(UPDATED COVERAGE, July 17) Groundwater supplies pumped from wells will make up most of the shortfall in agricultural water supplies caused by the California drought, but a new study said the drought will still cause $810 million in lost crop revenues this year.
With alarm rising, industry sources said growers in some regions are chasing water and on lengthy waiting lists for new wells.
Published by the University of California at Davis Center for Watershed Sciences, the study — “Economic Analysis of the 2014 Drought for California Agriculture,” — estimated the total statewide economic costs of the drought at $2.2 billion, including the loss of 17,100 seasonal and part time jobs. Crop values of the state’s fruit and nut trees will decline by $277 million because of the drought, while losses to vegetables and non-tree fruit are estimated at $47 million in 2014, according to the report.
The UC Davis study said drought is expected to decrease cropland in California by 428,000 acres in 2014. Of that total, fruit and nut trees account for 41,000 acres of the total reduction, with vegetables and non tree fruit representing 10,000 acres of idled ground. The Tulare Basin lot 24,000 acres of cropland because of the drought, the study said.
Sean Stockton, president of Sundale Vineyards & Cold Storage, Tulare, Calif., said both large growers and small growers have been hurt by the drought.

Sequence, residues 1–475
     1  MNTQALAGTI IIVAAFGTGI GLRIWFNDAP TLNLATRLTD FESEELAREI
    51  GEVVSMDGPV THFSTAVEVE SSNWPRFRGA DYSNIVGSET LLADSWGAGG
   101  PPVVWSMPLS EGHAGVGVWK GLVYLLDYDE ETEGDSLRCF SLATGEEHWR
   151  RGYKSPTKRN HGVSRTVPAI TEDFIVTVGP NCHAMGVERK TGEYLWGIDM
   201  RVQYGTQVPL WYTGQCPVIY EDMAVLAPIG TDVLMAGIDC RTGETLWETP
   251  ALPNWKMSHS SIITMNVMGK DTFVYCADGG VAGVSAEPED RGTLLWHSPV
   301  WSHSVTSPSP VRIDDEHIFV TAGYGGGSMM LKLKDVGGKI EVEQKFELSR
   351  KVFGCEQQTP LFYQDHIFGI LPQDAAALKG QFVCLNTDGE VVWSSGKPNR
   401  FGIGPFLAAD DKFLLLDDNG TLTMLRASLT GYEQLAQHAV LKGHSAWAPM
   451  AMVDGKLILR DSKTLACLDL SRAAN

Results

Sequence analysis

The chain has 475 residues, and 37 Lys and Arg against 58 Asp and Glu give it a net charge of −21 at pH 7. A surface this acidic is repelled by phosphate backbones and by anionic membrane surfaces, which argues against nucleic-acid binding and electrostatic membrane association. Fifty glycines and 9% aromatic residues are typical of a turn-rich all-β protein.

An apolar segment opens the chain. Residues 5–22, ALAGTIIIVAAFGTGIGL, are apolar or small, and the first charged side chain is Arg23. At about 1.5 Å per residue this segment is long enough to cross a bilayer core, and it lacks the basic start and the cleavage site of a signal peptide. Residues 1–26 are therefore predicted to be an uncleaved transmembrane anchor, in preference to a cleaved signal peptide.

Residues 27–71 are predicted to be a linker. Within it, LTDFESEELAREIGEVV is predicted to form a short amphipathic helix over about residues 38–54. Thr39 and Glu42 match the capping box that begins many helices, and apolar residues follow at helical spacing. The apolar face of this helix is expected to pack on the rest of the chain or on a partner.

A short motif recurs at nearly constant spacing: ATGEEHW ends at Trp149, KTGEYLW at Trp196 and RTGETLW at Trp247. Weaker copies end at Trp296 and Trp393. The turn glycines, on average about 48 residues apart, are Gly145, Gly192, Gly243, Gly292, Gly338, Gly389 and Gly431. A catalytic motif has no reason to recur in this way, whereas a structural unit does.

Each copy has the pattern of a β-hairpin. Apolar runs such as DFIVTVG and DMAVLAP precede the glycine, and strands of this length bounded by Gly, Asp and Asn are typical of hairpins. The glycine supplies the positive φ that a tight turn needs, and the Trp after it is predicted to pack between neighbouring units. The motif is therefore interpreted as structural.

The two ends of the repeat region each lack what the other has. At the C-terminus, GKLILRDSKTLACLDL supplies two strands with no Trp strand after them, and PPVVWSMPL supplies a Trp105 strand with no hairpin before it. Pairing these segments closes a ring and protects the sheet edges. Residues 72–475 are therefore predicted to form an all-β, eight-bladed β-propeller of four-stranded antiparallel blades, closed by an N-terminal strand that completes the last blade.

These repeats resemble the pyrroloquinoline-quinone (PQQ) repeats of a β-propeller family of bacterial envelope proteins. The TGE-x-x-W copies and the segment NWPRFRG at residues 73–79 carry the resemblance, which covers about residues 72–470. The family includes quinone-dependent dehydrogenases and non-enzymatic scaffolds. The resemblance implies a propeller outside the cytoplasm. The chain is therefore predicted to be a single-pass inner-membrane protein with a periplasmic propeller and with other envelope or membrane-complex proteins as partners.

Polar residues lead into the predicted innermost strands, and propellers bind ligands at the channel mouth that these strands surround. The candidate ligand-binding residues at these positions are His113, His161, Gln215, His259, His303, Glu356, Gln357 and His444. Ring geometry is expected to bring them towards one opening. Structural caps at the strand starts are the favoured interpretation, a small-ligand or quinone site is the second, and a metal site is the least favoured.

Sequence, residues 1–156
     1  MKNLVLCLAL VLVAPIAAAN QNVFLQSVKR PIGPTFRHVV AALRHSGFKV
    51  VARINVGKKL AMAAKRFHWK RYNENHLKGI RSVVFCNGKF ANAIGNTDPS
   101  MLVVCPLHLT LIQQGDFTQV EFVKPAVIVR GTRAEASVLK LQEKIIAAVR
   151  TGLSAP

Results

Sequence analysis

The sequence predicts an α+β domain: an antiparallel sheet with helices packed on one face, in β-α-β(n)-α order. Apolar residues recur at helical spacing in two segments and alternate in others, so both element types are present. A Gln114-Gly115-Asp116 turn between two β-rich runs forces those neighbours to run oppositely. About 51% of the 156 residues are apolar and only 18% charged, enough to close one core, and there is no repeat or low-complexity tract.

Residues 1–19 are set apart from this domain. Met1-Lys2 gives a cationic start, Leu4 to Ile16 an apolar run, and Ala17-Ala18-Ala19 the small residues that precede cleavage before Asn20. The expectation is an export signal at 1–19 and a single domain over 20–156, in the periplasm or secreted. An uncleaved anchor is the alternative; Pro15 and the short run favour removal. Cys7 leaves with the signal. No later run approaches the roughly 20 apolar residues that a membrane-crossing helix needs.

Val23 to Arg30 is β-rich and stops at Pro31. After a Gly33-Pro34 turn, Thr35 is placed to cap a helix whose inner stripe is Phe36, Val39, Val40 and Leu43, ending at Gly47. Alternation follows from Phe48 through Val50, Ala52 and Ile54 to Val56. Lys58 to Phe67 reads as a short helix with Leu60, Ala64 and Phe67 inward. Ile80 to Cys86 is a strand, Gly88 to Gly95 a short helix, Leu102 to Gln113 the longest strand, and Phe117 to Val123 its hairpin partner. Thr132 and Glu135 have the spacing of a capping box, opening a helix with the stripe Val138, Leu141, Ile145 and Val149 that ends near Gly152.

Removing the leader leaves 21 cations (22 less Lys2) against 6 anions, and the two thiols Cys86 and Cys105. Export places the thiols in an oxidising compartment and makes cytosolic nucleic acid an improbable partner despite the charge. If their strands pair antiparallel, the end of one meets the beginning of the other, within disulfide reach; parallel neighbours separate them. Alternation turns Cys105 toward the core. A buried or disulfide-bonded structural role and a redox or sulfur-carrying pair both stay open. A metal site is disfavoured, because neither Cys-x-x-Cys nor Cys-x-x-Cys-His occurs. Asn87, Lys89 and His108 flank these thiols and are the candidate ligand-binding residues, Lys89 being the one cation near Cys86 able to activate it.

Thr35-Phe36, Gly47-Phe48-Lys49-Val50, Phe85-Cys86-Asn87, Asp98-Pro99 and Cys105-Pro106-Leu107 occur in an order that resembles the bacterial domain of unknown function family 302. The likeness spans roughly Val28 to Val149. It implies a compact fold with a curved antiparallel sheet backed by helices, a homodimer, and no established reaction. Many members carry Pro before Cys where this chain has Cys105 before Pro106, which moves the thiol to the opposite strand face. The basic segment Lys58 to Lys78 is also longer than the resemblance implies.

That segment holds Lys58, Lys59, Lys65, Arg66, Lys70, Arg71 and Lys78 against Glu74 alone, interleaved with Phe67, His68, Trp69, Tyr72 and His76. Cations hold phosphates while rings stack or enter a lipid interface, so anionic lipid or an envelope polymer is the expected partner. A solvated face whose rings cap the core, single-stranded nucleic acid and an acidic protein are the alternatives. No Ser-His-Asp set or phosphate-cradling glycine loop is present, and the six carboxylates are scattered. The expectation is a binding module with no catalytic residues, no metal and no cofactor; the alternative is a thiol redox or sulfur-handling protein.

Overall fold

“Having no district water, we are chasing all the well water trying to make sure we have enough water to take care of our existing crops,” he said July 17. Water levels of existing wells are dropping with heavy use.
Stockton said the company has been on a waiting list to get seven wells dug and many other growers are also seeking new wells, he said.
Some surface water is selling for $1,400 to $1,600 per acre-foot, compared to pre-crisis level of $40 to $60 per acre-foot.
“That’s one day of watering for grapes. You divide that over what you are watering and that is scary,” he said.
The surface water reduction caused by the drought, according to the report, is estimated at 6.6 million acre-feet. The increase in groundwater pumping of water was estimated 5.1 million acre-feet, leaving the net water shortage of 1.6 million acre-feet, according to the study.
Dave Puglia, senior vice president at Western Growers, Irvine, Calif., said that part of the solution to the drought is to capture more water for agriculture that is available.